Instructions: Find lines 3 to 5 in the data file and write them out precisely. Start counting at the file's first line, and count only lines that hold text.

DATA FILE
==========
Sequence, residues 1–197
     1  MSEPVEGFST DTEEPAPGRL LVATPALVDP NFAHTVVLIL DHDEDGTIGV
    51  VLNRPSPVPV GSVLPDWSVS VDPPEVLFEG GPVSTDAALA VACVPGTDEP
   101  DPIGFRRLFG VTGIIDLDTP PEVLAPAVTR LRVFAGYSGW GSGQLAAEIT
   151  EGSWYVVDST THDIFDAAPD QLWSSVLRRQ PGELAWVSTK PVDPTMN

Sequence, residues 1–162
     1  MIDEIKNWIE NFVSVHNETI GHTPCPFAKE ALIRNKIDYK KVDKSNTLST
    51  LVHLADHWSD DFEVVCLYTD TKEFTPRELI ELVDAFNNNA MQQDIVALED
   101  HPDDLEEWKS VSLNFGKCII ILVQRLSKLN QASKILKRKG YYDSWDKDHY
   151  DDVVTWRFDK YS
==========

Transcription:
    51  VLNRPSPVPV GSVLPDWSVS VDPPEVLFEG GPVSTDAALA VACVPGTDEP
   101  DPIGFRRLFG VTGIIDLDTP PEVLAPAVTR LRVFAGYSGW GSGQLAAEIT
   151  EGSWYVVDST THDIFDAAPD QLWSSVLRRQ PGELAWVSTK PVDPTMN